Finally, a part of the horribilis Dei maiestas is that God has not chosen everyone for salvation but has left others to perish in their original and actual sin. We usually call the manifestation of God’s justice “reprobation” or “double predestination.” Reprobation is as equally ultimate in the decree of God as election. We see this in Scripture. God “hardens whomever He wills” (Romans 9.18) and “make[s] out of the same lump one vessel for honored use and another for dishonorable use” (Romans 9.21). Those made for dishonorable use God “has prepared for destruction” (Romans 9.22). They are described by Peter in these terms: “They [unbelievers] stumble because they disobey the word, as they were destined to do” (1 Peter 2.8). Jude uses these words: “For certain people have crept in unnoticed who, long ago, were designated for this condemnation” (Jude 4).
This destruction and condemnation cannot be imputed, attributed, or blamed on God. The basis on which God manifests His justice in leaving or passing by those He does not elect in mercy is their sin and unbelief. Again, the Canons of Dort later explained what was implicit in the Belgic [Confession]:
What peculiarly tends to illustrate and recommend to us the eternal and unmerited grace of election is the express testimony of sacred Scripture that not all, but some only, are elected, while others are passed by in the eternal decree, whom God, out of His sovereign, most just, irreprehensible, and unchangeable good pleasure, has decreed to leave in the common misery into which they have willfully plunged themselves, and not to bestow upon them saving faith and the grace of conversion but, permitting them, in His just judgment, to follow their own ways, at last, for the declaration of His justice, to condemn and punish them forever, not only on account of their unbelief, but also for all their other sins. And this is the decree of reprobation, which by no means makes God the author of sin (the very thought of which is blasphemy) but declares Him to be an awful, irrprehensible, and righteous judge and avenger thereof (1.15).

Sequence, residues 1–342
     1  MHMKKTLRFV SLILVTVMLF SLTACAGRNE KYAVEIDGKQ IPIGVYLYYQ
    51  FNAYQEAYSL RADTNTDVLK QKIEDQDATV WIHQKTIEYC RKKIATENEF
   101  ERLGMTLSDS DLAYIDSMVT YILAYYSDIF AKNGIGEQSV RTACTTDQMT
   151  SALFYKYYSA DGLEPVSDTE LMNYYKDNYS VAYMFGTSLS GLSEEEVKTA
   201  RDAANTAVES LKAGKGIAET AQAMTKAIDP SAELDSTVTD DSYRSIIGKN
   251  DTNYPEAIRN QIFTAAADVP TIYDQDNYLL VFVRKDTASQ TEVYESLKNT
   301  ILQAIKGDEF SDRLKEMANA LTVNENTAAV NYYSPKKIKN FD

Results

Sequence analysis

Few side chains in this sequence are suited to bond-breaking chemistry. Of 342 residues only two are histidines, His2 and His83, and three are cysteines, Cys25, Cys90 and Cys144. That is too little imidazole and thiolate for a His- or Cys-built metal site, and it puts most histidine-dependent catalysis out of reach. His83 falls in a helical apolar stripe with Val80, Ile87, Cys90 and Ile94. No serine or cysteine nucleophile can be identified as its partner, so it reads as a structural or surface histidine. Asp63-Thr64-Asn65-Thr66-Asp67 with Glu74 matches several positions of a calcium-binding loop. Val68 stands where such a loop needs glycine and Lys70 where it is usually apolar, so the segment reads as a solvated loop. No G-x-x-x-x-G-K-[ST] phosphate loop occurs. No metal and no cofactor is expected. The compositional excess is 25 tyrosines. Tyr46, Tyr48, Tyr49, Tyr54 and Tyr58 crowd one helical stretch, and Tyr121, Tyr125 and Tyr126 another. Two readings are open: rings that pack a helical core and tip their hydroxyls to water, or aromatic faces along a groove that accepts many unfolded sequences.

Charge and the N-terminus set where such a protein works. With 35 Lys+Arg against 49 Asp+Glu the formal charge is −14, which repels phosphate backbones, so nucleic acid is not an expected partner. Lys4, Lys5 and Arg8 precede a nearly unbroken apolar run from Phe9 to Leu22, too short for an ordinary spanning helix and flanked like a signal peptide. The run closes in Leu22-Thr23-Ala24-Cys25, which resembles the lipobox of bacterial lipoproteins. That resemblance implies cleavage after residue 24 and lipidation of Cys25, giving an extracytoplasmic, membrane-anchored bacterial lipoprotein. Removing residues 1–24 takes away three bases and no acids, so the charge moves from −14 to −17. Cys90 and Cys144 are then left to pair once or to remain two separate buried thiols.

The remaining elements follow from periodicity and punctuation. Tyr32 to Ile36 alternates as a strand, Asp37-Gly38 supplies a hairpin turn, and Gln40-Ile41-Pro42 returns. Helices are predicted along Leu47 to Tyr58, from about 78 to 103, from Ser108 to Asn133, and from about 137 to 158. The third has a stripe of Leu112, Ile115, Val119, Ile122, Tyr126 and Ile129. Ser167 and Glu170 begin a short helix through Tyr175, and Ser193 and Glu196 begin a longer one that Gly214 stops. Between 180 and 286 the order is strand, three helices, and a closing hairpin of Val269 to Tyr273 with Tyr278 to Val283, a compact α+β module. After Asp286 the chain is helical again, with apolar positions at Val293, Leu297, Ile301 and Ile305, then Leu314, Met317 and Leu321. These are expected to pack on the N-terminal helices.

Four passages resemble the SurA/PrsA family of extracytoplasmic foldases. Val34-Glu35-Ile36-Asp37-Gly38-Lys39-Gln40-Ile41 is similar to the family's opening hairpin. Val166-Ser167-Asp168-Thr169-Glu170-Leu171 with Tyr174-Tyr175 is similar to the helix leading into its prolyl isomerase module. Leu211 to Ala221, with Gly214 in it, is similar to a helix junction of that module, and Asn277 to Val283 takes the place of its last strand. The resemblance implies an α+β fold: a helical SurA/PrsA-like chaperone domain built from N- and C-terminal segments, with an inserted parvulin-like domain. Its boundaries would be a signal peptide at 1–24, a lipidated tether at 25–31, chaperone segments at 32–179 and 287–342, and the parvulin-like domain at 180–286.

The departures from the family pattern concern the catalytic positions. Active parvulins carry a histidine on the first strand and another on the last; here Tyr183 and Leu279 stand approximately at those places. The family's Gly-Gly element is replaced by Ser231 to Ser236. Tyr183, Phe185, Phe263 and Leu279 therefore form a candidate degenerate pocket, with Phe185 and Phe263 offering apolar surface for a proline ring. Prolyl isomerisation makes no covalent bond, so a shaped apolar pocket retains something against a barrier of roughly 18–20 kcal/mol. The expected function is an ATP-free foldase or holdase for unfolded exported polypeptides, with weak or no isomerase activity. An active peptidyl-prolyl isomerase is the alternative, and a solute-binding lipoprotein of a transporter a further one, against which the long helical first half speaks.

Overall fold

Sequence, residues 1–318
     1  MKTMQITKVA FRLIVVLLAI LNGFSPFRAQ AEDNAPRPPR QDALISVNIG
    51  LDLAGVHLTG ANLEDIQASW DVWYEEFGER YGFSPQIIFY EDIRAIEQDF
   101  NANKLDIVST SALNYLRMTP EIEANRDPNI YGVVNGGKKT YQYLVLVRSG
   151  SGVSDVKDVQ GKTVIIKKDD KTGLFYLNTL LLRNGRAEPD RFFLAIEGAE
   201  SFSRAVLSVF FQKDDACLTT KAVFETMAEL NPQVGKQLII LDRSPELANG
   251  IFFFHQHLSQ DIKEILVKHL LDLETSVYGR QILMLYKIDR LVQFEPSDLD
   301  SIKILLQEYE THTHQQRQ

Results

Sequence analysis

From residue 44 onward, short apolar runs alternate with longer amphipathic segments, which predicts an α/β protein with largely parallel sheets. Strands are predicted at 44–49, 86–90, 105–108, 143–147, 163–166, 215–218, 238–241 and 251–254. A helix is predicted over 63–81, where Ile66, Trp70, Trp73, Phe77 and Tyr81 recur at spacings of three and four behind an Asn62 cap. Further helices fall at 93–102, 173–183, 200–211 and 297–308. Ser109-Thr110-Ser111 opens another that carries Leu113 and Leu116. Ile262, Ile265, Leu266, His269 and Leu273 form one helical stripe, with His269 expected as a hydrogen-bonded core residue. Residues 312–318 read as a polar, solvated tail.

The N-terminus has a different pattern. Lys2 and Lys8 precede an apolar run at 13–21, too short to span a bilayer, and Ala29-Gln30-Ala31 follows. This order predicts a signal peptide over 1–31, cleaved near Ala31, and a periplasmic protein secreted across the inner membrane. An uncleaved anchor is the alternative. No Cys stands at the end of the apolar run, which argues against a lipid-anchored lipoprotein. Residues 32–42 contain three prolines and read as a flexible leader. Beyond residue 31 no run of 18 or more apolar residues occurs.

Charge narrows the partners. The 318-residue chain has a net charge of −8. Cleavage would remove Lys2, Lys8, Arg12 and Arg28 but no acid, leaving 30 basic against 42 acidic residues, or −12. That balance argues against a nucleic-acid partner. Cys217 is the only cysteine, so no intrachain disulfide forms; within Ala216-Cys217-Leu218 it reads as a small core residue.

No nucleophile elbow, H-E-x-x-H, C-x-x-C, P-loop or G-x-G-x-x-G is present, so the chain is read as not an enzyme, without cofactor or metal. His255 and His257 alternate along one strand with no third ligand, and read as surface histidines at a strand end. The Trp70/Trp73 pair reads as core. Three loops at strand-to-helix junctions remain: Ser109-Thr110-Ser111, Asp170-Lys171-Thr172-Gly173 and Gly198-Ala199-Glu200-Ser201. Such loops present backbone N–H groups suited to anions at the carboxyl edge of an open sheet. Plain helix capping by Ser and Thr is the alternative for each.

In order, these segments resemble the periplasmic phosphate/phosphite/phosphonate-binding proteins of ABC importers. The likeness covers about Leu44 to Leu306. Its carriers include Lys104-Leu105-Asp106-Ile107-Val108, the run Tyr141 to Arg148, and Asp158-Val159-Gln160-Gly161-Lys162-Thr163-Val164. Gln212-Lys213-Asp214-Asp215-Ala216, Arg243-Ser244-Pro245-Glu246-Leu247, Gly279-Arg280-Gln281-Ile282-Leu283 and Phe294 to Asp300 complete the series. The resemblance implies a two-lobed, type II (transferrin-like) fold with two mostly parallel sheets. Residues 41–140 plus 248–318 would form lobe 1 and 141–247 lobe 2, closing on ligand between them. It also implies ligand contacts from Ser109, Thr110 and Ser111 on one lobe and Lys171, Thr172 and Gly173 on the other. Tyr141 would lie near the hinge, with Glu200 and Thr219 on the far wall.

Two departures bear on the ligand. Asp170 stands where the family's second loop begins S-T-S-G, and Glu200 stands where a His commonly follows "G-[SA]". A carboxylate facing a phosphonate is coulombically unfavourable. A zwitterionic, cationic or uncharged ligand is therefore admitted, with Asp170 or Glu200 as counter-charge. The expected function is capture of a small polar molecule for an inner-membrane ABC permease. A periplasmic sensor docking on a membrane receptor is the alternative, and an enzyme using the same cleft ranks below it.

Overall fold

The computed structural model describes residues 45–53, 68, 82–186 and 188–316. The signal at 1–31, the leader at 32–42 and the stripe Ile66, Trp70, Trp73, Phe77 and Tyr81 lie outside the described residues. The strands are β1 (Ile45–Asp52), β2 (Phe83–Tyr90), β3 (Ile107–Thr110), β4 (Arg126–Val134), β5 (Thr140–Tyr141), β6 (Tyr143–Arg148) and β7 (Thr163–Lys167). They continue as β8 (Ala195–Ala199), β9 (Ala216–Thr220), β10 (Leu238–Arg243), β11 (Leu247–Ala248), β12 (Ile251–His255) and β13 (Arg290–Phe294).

From: With Heart and Mouth: An Exposition of the Belgic Confession by Daniel R. Hyde (Grandville: Reformed Fellowship, Inc., 2008), pp. 217-218.